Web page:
A Adjustable Frequency Drive (VFD) is a kind of motor controller that drives a power engine by varying the frequency and voltage supplied to the electrical motor. Other titles for a VFD are adjustable speed drive, adjustable rate drive, adjustable frequency drive, AC drive, microdrive, and inverter.
Frequency (or hertz) is directly related to the motor’s velocity (RPMs). Basically, the faster the frequency, the quicker the RPMs go. If an application does not require an electric motor to run at full speed, the VFD can be used to ramp down the frequency and voltage to meet up the requirements of the electric motor’s load. As the application’s motor velocity requirements alter, the VFD can merely turn up or down the engine speed to meet up the speed requirement.
The first stage of a Variable Frequency AC Drive, or VFD, may be the Converter. The converter is usually comprised of six diodes, which act like check valves found in plumbing systems. They allow current to flow in only one direction; the direction proven by the arrow in the diode symbol. For example, whenever A-stage voltage (voltage is comparable to pressure in plumbing systems) is usually more positive than B or C phase voltages, after that that diode will open up and invite current to movement. When B-stage turns into more positive than A-phase, then your B-phase diode will open and the A-stage diode will close. The same is true for the 3 diodes on the bad part of the bus. Therefore, we obtain six current “pulses” as each diode opens and closes. That is known as a “six-pulse VFD”, which is the standard configuration for current Variable Frequency Drives.
Why don’t we assume that the drive is operating upon a 480V power program. The 480V rating is “rms” or root-mean-squared. The peaks on a 480V program are 679V. As you can plainly see, the VFD dc bus includes a dc voltage with an AC ripple. The voltage runs between approximately 580V and 680V.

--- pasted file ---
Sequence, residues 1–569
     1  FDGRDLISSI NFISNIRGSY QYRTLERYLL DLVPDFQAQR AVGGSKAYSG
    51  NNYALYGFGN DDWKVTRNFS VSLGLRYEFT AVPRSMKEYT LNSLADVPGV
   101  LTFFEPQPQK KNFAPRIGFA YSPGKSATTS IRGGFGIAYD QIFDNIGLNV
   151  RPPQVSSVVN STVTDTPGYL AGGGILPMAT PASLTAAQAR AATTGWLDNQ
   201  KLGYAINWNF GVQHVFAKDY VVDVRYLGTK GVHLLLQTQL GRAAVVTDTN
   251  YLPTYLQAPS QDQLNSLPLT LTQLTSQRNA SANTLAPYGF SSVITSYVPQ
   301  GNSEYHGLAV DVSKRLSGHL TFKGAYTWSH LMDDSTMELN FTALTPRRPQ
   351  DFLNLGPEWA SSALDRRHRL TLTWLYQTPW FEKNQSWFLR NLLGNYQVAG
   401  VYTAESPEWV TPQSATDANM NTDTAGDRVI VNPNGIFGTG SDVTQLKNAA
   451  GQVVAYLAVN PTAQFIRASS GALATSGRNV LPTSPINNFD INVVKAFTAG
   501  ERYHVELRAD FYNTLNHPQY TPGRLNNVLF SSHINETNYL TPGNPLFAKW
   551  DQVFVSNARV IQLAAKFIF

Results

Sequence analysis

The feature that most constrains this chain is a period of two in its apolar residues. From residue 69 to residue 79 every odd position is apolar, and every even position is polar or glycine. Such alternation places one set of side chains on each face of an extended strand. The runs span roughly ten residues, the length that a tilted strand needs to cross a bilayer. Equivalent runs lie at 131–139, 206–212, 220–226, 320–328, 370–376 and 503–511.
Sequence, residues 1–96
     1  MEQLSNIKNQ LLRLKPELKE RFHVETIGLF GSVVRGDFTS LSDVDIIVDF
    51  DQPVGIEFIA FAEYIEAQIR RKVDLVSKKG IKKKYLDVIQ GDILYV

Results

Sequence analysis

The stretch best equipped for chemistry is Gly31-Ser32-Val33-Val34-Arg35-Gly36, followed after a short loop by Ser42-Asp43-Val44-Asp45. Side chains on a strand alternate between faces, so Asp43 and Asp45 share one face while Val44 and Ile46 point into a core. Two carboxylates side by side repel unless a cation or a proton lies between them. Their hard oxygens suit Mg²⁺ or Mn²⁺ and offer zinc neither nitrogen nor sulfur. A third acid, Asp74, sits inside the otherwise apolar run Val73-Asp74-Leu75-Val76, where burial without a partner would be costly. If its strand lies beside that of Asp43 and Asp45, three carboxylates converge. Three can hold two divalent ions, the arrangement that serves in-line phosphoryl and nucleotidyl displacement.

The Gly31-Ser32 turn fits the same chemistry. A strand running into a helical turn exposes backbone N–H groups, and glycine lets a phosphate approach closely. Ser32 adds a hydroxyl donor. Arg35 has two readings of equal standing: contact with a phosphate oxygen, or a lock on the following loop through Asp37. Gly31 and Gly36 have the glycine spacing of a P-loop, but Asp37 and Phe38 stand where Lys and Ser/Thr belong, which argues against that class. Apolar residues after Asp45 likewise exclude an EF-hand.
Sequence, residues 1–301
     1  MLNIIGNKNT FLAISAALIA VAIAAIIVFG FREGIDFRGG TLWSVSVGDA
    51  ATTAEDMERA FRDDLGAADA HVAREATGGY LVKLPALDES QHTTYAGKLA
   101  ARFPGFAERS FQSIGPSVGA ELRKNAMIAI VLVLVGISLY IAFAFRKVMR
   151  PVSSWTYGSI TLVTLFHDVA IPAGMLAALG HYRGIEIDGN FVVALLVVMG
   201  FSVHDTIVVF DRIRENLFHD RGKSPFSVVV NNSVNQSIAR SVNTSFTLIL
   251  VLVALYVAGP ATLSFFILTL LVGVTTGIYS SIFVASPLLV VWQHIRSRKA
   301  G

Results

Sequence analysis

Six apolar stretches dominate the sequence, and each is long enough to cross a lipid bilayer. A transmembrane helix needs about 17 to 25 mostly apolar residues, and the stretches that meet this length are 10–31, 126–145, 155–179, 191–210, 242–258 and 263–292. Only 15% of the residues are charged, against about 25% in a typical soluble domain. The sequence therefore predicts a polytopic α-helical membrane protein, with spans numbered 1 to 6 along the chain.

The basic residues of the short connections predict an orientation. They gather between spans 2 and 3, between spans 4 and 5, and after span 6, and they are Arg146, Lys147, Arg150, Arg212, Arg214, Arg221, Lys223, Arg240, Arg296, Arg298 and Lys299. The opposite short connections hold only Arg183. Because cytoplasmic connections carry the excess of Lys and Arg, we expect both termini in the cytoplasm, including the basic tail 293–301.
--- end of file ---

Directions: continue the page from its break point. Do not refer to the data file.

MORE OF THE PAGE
We can eliminate the AC ripple on the DC bus with the addition of a capacitor. A capacitor works in a similar fashion to a reservoir or accumulator in a plumbing program. This capacitor absorbs the ac ripple and delivers a easy dc voltage. The AC ripple on the DC bus is normally less than 3 Volts. Hence, the voltage on the DC bus becomes “around” 650VDC. The actual voltage depends on the voltage degree of the AC range feeding the drive, the amount of voltage unbalance on the energy system, the engine load, the impedance of the energy system, and any reactors or harmonic filters on the drive.
The diode bridge converter that converts AC-to-DC, is sometimes just referred to as a converter. The converter that converts the dc back to ac can be a converter, but to tell apart it from the diode converter, it is usually referred to as an “inverter”. It has become common in the market to make reference to any DC-to-AC converter as an inverter.
When we close one of the top switches in the inverter, that stage of the motor is connected to the positive dc bus and the voltage on that phase becomes positive. Whenever we close one of the bottom switches in the converter, that phase is connected to the negative dc bus and turns into negative. Thus, we are able to make any stage on the engine become positive or harmful at will and may hence generate any frequency that we want. So, we can make any phase maintain positivity, negative, or zero.
If you have an application that does not have to be operate at full velocity, then you can decrease energy costs by controlling the electric motor with a variable frequency drive, which is among the advantages of Variable Frequency Drives. VFDs allow you to match the velocity of the motor-driven apparatus to the load requirement. There is absolutely no other approach to AC electric motor control that allows you to do this.
By operating your motors at the most efficient rate for your application, fewer errors will occur, and therefore, production levels will increase, which earns your firm higher revenues. On conveyors and belts you eliminate jerks on start-up enabling high through put.
Electric motor systems are accountable for more than 65% of the power consumption in industry today. Optimizing motor control systems by installing or upgrading to VFDs can reduce energy usage in your service by as much as 70%. Additionally, the utilization of VFDs improves product quality, and reduces production costs. Combining energy effectiveness tax incentives, and utility rebates, returns on expenditure for VFD installations can be as little as six months.
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